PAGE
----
--Raj Manoharan

Saturday, June 24, 2017

The Man Who Changed Guitar Forever! The Allan Holdsworth Album Collection (2017), by Allan Holdsworth

CD Fan Review

I had forgotten what an amazing and awesome guitarist and composer Allan Holdsworth was. Thanks to the two-disc Eidolon: The Allan Holdsworth Collection and the 12-disc box set, both released just a week before Holdsworth's untimely and unfortunate passing at the age of 70, I have realized the error of my ways and been set back upon the correct path.

In addition to most of the 28 tracks personally selected by Holdsworth for the Eidolon collection, my other favorite tunes from among his 97-song catalog include the following: "Atavachron," "Sand," "Clown," "Joshua," "Wardenclyffe Tower," "Zarabeth," "Questions," "The Un-Merry Go Round Part 5," "Prelude," and "Hard Hat Area."

That said, all of Holdsworth's solo work is outstanding, especially if you love electric guitar in the context of jazz, rock, new age, and fusion.

Holdsworth clearly had more inspiration left in him, as he was recently working on his first new studio album in well over a decade. Hopefully his family will see fit to finish and release it.

In any event, the double CD and the box set serve as lasting reminders of Holdsworth's artistic excellence and purity.

Holdsworth may no longer be with us in body, but his "eidolon" will remain forever through his brilliant, one-of-a-kind music.

--Raj Manoharan

Saturday, June 17, 2017

Adios (2017), by Glen Campbell

CD Fan Review

Glen Campbell, who is in the final stages of Alzheimer's Disease, recorded this, his final studio album, in 2012 just after his diagnosis, and it is among his finest efforts.

Although the photography features Campbell posing with one of his guitars, Campbell leaves the instrumentation to others, most notably his long-time banjo player Carl Jackson, who produced the album and plays guitar, and Campbell's daughter Ashley, who plays banjo and accompanies and backs up her father on vocals. The album also features Campbell's sons Cal and Shannon and guests Willie Nelson and Vince Gill.

This allows the elder Campbell to focus on singing, and he really gives it his all. It would be a cliche to say he has never sounded better, but at the very least, his voice is as wide-ranging, nuanced, and poignant as ever, especially in light of – and in spite of – his personal struggles.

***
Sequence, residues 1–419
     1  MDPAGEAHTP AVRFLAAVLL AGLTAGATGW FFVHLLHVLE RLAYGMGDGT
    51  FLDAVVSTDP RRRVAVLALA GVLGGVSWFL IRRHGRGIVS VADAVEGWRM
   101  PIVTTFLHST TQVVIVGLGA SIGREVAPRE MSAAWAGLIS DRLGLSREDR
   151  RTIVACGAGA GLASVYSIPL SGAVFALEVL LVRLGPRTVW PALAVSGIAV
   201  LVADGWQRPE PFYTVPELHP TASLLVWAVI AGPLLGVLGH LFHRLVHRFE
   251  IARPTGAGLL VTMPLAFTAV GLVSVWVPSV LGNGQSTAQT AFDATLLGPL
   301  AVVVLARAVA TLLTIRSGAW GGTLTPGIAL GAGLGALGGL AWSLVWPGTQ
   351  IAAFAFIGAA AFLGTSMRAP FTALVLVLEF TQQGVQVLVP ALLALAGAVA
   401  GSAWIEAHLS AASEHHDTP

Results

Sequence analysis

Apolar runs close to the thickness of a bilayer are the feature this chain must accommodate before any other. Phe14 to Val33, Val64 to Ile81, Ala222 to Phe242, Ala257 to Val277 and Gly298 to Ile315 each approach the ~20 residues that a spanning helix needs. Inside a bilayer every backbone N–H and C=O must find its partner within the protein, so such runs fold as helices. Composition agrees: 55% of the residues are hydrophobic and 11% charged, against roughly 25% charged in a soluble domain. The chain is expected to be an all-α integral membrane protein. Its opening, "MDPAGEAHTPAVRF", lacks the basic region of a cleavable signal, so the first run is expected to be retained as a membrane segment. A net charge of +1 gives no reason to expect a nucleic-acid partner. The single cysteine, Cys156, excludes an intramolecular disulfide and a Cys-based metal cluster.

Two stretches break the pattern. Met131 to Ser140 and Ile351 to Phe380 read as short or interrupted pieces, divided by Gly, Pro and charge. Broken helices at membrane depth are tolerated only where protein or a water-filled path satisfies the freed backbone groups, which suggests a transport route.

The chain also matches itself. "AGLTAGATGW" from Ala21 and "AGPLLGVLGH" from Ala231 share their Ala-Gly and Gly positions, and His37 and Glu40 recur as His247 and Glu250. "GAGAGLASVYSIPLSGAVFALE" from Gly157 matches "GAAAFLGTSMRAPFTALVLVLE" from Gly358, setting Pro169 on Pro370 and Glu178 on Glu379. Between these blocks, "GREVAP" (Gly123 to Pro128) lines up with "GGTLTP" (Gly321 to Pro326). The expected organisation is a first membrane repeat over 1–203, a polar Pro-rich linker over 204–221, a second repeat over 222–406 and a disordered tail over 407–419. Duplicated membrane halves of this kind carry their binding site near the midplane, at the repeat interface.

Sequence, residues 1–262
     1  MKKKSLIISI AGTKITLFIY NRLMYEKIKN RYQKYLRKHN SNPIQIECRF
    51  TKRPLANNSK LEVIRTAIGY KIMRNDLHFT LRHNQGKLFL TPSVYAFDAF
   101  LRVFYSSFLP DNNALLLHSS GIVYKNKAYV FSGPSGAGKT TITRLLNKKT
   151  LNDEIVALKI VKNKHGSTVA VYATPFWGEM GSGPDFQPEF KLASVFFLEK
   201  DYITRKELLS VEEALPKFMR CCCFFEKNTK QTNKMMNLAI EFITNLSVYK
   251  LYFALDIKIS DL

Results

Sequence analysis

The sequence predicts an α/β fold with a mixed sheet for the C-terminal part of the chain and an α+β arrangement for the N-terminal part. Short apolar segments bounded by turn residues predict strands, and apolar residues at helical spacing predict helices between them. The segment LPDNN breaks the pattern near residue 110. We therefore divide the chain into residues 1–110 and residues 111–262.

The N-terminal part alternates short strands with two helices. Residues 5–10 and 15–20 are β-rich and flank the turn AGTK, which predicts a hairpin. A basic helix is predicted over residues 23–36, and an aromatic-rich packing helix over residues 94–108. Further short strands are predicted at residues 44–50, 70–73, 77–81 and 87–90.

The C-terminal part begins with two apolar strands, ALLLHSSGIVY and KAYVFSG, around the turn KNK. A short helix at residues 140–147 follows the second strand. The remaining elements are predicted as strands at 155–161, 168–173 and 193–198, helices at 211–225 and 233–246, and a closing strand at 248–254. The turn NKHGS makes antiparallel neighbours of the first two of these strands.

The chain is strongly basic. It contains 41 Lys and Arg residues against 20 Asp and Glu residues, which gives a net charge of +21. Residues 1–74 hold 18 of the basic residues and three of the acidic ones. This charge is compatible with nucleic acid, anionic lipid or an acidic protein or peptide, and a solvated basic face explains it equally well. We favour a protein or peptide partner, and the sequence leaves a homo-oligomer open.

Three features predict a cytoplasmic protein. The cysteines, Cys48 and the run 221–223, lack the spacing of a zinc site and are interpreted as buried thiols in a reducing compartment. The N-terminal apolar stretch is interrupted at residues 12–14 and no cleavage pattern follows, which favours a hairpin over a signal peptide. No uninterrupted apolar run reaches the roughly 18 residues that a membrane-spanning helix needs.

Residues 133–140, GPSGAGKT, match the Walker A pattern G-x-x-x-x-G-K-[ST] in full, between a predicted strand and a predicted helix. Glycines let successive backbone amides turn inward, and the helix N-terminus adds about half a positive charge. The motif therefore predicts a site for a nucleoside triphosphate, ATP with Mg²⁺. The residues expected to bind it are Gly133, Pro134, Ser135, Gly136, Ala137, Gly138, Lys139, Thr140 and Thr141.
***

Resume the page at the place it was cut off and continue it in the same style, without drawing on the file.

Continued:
The songs are all excellent, making the album a pleasure to listen to from beginning to end and over and over again. I have developed a particular fondness for "Everybody's Talkin'," "Postcards from Paris," and "A Thing Called Love."

Adios is so good that you wish this wasn't the end. But it's a fitting farewell, as well as a lasting reminder of how good of a musician, singer, and all-around entertainer Glen Campbell was.

--Raj Manoharan

Chuck (2017), by Chuck Berry

CD Fan Review

After gracing Earth with his presence for 90 years, the father of rock-and-roll has left us mere mortals behind, but not without bequeathing to us his final, posthumously-released gift.

And what a gift it is!

Chuck is Chuck's first new studio album since 1979's Rock It! (and obviously now his last one), and it shows an artist for whom age truly was a number, as he hadn't lost his creative and performing spark.

I don't know of any other musician who sounds or sounded as vibrant and energetic at 90 years of age as Chuck does on this record. His guitar playing and singing are as lively as ever, especially combined with the latest, state-of-the-art recording technology. Chuck is still rocking it!

The album is a family affair, with Chuck's daughter on harmonica and accompanying/backup vocals and three generations of Berry men on guitars. Chuck Sr.'s classic style is unmistakable, with Chuck Jr. displaying more of a jazzy side and Chuck III ripping fiery, screeching solos. I hope the latter two continue their patriarch's legacy, at least in terms of guitar playing.

Chuck has left the building, and he goes out at the top of his game.

--Raj Manoharan

The Definitive Collection (2006), by Chuck Berry

CD Fan Review

Thirty seminal rock-and-roll hits, all on one compact disc, and clocking in at just over an hour. That's a pretty concise and pretty comprehensive overview of the career heyday of the man who started it all – the one and only Chuck Berry.

"Roll Over Beethoven" (famously covered by The Beatles during their Hamburg shows), "Maybelline," "Johnny B. Goode" – they're all here, the important and historic ones, at least.